The Phillies knew their slugging first baseman would miss some time when he fell to the ground on the last play of their 2011 Division Series with the Cardinals. Without any setbacks, his ruptured Achilles tendon would keep him sidelined through April. While recovering from surgery, he suffered an infection near the tendon that was serious enough itself to require surgery. The setback made his May return unlikely and gave him another roadblock to clear before being allowed to rehab.
His rehab got underway two weeks ago, and that’s all anyone knows right now.
There haven’t been any updates about his progress or lack thereof. We know that Howard is physically in Clearwater, Florida, working out at the Phillies training facility, but that’s it. Nobody knows what type of work he is putting in, when he might start playing in rehab games, or any sense of when he might return to the major leagues. Apparently, that is by design, since the organization is going to great lengths to prevent reporters from watching or talking to Howard.
On Sunday, Philadelphia Inquirer writer Bob Brookover wrote a detailed description of his recent trip to Florida, in which he attempted to report on Howard’s situation. His retelling sounds like one of those Jason Bourne movies, complete with employees on walkie-talkies monitoring his every move, mysterious phone calls from the powers that be and a general shroud of mystery pertaining to valuable information.
Brookover was initially stopped by a security guard after passing the closed weight room. He proceeded to the press box, which was locked, and was basically told, too bad. He made his way onto the field to watch Jim Thome take batting practice, when Howard emerged from the tunnel with a minor league instructor. A Clearwater Threshers employee spotted Brookover and notified him he had to leave, and that nobody outside the Phillies organization could watch Howard or speak to him. After a call to the Phillies communications director, a deal was struck in which Brookover could stay as long as there were no tweets or interviews.
That agreement was short-lived, as the instructor accompanying Howard ensured Brookover was removed a second time. Phillies GM Ruben Amaro Jr. was quoted as saying he feels uncomfortable with Howard’s rehab going public. The communication director reiterated the organization’s fear that it would learn of setbacks on Twitter if reporters were allowed to monitor the situation. The organization also presented the argument that it isn’t spring training anymore, and this is no different than the offseason, when reporters don’t have access to the players.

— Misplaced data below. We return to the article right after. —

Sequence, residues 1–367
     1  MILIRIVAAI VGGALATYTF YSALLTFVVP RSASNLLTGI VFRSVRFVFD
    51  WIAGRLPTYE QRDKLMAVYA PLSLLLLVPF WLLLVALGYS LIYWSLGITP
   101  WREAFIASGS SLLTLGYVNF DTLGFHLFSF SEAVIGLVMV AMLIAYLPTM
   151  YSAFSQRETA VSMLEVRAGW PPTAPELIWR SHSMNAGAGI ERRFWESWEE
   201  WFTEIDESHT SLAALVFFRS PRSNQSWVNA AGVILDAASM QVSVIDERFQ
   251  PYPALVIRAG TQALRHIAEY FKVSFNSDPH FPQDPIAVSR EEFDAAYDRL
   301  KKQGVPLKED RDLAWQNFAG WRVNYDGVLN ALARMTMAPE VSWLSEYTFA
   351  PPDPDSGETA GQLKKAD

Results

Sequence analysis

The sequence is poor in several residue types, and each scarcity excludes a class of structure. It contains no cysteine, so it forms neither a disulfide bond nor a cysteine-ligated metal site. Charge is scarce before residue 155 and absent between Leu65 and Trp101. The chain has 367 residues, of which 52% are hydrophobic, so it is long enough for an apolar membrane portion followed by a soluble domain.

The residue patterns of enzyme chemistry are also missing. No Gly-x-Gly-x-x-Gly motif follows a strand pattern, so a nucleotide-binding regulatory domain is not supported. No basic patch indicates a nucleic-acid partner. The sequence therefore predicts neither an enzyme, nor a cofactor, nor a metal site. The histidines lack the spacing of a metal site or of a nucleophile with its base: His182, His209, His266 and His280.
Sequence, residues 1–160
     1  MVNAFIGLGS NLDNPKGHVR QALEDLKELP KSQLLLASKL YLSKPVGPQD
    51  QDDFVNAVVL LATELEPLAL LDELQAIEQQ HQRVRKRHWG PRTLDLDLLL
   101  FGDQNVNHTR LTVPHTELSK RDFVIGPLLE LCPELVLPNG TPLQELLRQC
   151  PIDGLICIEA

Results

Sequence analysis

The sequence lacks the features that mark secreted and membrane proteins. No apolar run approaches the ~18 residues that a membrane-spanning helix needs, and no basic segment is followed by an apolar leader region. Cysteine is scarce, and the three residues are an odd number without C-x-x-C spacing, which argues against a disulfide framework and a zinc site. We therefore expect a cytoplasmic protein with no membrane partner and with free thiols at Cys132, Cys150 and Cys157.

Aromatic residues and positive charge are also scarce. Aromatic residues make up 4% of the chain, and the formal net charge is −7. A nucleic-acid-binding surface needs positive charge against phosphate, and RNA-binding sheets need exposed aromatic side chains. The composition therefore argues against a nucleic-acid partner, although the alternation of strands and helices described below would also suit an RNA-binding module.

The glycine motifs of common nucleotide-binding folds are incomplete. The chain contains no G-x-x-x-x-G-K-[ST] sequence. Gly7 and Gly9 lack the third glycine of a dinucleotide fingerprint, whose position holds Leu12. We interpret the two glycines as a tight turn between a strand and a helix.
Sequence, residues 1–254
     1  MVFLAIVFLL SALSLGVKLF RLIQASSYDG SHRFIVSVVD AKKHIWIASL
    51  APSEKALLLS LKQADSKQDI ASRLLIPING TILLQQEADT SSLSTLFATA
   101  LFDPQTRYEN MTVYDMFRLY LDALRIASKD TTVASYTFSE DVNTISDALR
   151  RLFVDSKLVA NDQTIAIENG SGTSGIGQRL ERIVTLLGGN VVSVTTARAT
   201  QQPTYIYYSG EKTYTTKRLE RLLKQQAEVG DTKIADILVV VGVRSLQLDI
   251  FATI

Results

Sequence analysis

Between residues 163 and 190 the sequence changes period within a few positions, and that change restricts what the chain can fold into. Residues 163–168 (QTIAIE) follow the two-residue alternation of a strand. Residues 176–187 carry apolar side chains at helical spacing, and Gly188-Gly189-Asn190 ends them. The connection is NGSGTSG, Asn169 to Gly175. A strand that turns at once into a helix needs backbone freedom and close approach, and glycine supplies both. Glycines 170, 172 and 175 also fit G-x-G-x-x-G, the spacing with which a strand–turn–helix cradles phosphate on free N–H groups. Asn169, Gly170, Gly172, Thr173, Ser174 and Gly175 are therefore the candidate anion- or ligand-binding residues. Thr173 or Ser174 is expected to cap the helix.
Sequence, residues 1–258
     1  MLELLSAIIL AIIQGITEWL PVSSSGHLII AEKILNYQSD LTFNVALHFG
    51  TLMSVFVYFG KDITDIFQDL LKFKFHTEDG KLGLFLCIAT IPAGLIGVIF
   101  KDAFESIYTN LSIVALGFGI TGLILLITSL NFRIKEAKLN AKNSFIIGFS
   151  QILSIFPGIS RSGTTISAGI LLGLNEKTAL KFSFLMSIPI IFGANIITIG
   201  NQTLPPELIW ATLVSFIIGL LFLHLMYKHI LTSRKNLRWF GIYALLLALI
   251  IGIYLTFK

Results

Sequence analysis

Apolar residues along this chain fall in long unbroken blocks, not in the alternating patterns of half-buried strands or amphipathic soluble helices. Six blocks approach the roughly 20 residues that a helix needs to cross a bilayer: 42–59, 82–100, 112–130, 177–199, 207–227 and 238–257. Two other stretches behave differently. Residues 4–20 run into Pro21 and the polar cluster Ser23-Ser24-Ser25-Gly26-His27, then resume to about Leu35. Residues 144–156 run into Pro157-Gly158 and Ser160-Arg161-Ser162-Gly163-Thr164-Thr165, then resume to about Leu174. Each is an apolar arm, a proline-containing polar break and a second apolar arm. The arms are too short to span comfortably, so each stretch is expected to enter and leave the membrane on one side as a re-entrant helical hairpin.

The situation can easily be argued from both sides. On one hand, the Phillies haven’t been very forthcoming with information in recent years, especially pertaining to injuries and recovery times. But while it’s easy to paint them villains in this scenario, they are well within their rights to deny access to Howard’s rehab. It may not be popular, and it sure seems odd to offer no updates, ever, but as a privately-run organization, management can not only make a decision like this, but it doesn’t really have to justify it to reporters or fans. Such activity won’t endear the organization to the fanbase, but are people really going to stop buying tickets because they don’t know how Howard is doing?
On the other hand, this seems like petty secrecy, like the Phillies are hiding Howard for the sake of hiding him and not to hide any misinformation. How hard is it to offer a vague, general update on Howard’s progress, just to remind fans that he is on his way back and that he hasn’t suffered another setback? He is the Phillies highest-paid player, deservingly or not, and to question why fans want to know how he’s faring while denying said update comes off as extremely condescending and out of touch with reality.
No, the Phillies don’t have to provide updates on his health, but it doesn’t benefit them at all to withhold such information. If they came out and said Howard will return on June 10, sure, it might put unnecessary pressure on Howard, but they are smarter than that. They could offer a vague return period, like the second or third week of June, or even just the hope that he returns in June. If he returns sooner, great, if not, it’s not like they were tied to a specific date. That, and not being able to learn of a potential setback before the media, are their biggest fears in this situation, and both seem fairly minor. It’s hard to see how offering updates on Howard’s rehab would actually affect his rehab, so while the Phillies can act in any manner they so desire, their stance on this specific situation leaves much to be desired to the masses seeking any type of update, vague or not.